Tessa has taught me to love unconditionally and that everything I thought that mattered… didn’t.

Together… they remind me everyday to 1) laugh often and 2) focus on what matters.  What else do we need to be taught besides how to cope with terrible sports teams?


In this end, just like I would hit the reset button on my response to Maggie that morning, I also wish I could hit the reset button on Tessa’s birthday.  If I were to do this over again I would just hold her without fear, or disappointment, or worry… Instead I would hold her and say…

“Tessa, thanks for joining us and thanks for being exactly the way you are… you are what we always prayed for, even if we didn’t know it…”


“…and by the way Tessa, if it’s not too much trouble, can you talk some sense into your sister?   Because she needs it.”

Her eyes would say it all: “Dad, I’m a miracle…not a miracle worker”



Lesson #23: There is an abundance of support

The first few hours days (?) after a diagnosis can be, quite frankly, isolating.  Few really quite know exactly how to respond.  Somehow, your family has become different and you really aren’t sure how.  You feel like the same person and entirely different at the exact same time.

Soon, support comes trickling in.  Or flooding in, as the case may be.  It flooded in our world.  We were blessed with that.

Since Tessa has joined us, I have joined UPS for DownS, NADS, a Down Syndrome Diagnosis Network‘s Rockin’ Moms Facebook group, a local mom group called the MODSSQUAD, another local Facebook group called Gene Rockin’ Moms and a Baby Center group.  There are a mountain of blogs that I read (check out my reading list on the sidebar).  I follow Gigi’s Playhouse on Facebook and get their mail, also.  We haven’t gone yet.  Quite frankly, with all of the support, we’re still not sure where we fit in.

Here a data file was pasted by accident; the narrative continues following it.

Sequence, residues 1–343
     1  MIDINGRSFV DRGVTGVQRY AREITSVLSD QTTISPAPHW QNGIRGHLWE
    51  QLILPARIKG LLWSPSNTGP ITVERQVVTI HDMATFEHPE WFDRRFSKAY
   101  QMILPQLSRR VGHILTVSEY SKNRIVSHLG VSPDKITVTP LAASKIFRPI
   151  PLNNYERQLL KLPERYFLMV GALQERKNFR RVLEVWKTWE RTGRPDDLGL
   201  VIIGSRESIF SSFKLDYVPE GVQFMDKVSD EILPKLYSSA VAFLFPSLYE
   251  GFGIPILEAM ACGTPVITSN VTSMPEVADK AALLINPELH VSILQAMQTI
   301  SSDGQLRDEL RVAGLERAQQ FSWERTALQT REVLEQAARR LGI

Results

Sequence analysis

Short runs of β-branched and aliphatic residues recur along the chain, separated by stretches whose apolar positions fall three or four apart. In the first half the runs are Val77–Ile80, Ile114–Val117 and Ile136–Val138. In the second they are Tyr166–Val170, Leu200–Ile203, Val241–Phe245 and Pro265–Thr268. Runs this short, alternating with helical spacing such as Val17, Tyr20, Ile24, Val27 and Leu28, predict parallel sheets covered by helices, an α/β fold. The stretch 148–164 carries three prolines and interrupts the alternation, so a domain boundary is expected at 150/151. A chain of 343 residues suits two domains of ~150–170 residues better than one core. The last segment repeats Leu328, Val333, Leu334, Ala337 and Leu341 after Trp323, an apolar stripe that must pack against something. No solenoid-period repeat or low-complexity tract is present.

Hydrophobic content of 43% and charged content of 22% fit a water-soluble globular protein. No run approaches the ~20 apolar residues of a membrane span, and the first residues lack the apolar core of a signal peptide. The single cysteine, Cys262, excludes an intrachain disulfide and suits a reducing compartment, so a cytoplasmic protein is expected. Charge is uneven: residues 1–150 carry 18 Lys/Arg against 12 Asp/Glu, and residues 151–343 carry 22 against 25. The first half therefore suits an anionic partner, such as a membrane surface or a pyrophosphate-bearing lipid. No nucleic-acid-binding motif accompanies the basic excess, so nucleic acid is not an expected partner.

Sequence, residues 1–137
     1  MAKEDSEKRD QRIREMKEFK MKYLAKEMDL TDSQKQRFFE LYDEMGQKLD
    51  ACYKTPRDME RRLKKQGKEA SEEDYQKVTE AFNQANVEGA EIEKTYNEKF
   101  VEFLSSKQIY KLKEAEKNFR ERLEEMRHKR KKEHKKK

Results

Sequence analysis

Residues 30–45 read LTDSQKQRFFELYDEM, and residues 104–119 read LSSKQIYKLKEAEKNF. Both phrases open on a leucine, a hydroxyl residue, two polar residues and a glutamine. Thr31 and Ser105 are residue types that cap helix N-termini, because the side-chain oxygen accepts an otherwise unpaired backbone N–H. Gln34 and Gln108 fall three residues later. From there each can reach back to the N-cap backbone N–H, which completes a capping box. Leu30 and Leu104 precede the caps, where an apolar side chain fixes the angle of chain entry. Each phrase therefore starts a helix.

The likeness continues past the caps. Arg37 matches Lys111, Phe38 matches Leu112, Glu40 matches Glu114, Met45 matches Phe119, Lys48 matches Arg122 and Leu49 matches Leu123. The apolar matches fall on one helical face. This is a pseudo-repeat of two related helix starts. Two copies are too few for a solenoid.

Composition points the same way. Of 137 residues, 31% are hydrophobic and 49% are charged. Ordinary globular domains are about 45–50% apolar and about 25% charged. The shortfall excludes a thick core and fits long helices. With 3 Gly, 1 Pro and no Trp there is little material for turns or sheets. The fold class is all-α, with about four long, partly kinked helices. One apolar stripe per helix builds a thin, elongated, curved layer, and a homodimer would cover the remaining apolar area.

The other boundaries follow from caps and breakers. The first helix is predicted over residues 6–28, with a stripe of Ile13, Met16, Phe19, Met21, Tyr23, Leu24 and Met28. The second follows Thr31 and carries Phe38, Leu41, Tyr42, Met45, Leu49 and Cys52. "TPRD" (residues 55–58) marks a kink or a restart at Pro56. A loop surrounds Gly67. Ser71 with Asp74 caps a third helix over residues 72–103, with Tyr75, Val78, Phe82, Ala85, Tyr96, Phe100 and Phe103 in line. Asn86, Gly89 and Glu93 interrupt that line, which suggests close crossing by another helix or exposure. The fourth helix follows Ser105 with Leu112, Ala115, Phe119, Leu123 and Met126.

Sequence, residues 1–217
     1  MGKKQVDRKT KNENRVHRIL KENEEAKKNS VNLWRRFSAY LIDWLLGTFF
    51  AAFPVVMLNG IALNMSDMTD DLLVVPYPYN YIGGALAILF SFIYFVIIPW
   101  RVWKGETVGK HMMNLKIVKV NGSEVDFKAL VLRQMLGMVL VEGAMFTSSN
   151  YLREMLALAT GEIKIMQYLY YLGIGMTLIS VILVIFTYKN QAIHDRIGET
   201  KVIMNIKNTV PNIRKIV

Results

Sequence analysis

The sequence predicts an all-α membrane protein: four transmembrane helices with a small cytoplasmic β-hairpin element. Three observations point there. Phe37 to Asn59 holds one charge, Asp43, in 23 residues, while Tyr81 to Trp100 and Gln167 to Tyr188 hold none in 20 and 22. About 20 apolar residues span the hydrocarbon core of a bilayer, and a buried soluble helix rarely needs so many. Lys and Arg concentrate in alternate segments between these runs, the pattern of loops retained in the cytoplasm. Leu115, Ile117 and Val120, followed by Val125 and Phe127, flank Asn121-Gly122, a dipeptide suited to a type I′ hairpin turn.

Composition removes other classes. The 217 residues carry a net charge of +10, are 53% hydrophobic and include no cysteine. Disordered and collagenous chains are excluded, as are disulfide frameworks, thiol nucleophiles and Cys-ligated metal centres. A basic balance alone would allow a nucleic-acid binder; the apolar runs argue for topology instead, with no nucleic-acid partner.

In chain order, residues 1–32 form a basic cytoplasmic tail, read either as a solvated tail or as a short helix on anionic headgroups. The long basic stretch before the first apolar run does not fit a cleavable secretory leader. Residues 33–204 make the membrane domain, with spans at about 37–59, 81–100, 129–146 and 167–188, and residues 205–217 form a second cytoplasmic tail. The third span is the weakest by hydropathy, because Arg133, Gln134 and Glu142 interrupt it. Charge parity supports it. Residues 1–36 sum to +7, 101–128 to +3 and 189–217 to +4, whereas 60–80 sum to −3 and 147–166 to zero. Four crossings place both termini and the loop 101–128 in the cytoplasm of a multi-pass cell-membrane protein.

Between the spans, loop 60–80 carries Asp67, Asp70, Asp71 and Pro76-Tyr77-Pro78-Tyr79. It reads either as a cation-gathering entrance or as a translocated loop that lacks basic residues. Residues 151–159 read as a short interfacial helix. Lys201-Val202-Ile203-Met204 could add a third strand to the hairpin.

When I first started out on this journey, I felt like an impostor.  I vividly remembered life Before.  Ten months ago, I didn’t even know that advocacy like this existed.  Special needs were not on my radar.  I have no idea what I spent hours online doing.  And I felt like, at any moment, someone who was further along in the journey, someone who doesn’t remember Before, might look at me, the fresh-faced newbie, and think, “Well, where the heck has she been? And does she think she can just come in here and start caring now?  Where was she before?”

I really, really worried about that.  It hasn’t happened.  And it won’t.

Our NICU social worker told me that I don’t have to like all the moms of kids with Down syndrome that I encounter.  Thinking back on that has always made me laugh.  She told me not to feel like I have to befriend everyone with a child with Ds and reminded me that just because we have this diagnosis, doesn’t make our family exactly like any other.  To me, sharing the common experience has helped me forge a bond with some other mommas that I hadn’t met before (I started to list all their names and it got too long, so I stopped).  They are still young friendships.  We are less than a year in, after all.  But my mostly-extroverted self is loving this new opportunity to spread my social circle and connect with moms who can relate.  And I don’t feel much like an impostor at this point.  🙂

Not all support comes from strangers, though.  Tomorrow, a post dedicated to the ones who have been here since Before and are still here.

A completely unrelated Throwback Thursday picture, just because….  

10 month old Ellie



Lesson #3: Amanda really did us a favor

Amanda is the Nurse Practitioner that delivered the preliminary diagnosis of Down syndrome to John and I.  For a long time, I really struggled with her decision on how to tell us about Tessa.  But in celebration of Down Syndrome Awareness month, we’re sending her a letter of thanks.  Here’s the letter:

October 3, 2014

Dear Amanda,